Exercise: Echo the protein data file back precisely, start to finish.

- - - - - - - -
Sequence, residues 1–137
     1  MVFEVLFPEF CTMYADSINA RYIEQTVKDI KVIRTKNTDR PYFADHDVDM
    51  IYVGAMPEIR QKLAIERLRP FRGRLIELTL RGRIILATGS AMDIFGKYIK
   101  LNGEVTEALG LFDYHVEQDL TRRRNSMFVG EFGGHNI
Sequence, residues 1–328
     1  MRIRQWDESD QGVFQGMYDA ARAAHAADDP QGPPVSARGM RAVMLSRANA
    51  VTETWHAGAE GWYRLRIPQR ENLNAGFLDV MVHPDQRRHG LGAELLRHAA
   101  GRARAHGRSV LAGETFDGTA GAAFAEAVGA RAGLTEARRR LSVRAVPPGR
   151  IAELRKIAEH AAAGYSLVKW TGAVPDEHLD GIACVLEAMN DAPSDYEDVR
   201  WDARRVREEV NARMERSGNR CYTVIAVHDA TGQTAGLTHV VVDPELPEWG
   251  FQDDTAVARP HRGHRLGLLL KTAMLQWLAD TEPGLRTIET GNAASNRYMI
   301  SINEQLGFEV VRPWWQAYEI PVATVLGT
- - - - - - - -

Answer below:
Sequence, residues 1–137
     1  MVFEVLFPEF CTMYADSINA RYIEQTVKDI KVIRTKNTDR PYFADHDVDM
    51  IYVGAMPEIR QKLAIERLRP FRGRLIELTL RGRIILATGS AMDIFGKYIK
   101  LNGEVTEALG LFDYHVEQDL TRRRNSMFVG EFGGHNI
Sequence, residues 1–328
     1  MRIRQWDESD QGVFQGMYDA ARAAHAADDP QGPPVSARGM RAVMLSRANA
    51  VTETWHAGAE GWYRLRIPQR ENLNAGFLDV MVHPDQRRHG LGAELLRHAA
   101  GRARAHGRSV LAGETFDGTA GAAFAEAVGA RAGLTEARRR LSVRAVPPGR
   151  IAELRKIAEH AAAGYSLVKW TGAVPDEHLD GIACVLEAMN DAPSDYEDVR
   201  WDARRVREEV NARMERSGNR CYTVIAVHDA TGQTAGLTHV VVDPELPEWG
   251  FQDDTAVARP HRGHRLGLLL KTAMLQWLAD TEPGLRTIET GNAASNRYMI
   301  SINEQLGFEV VRPWWQAYEI PVATVLGT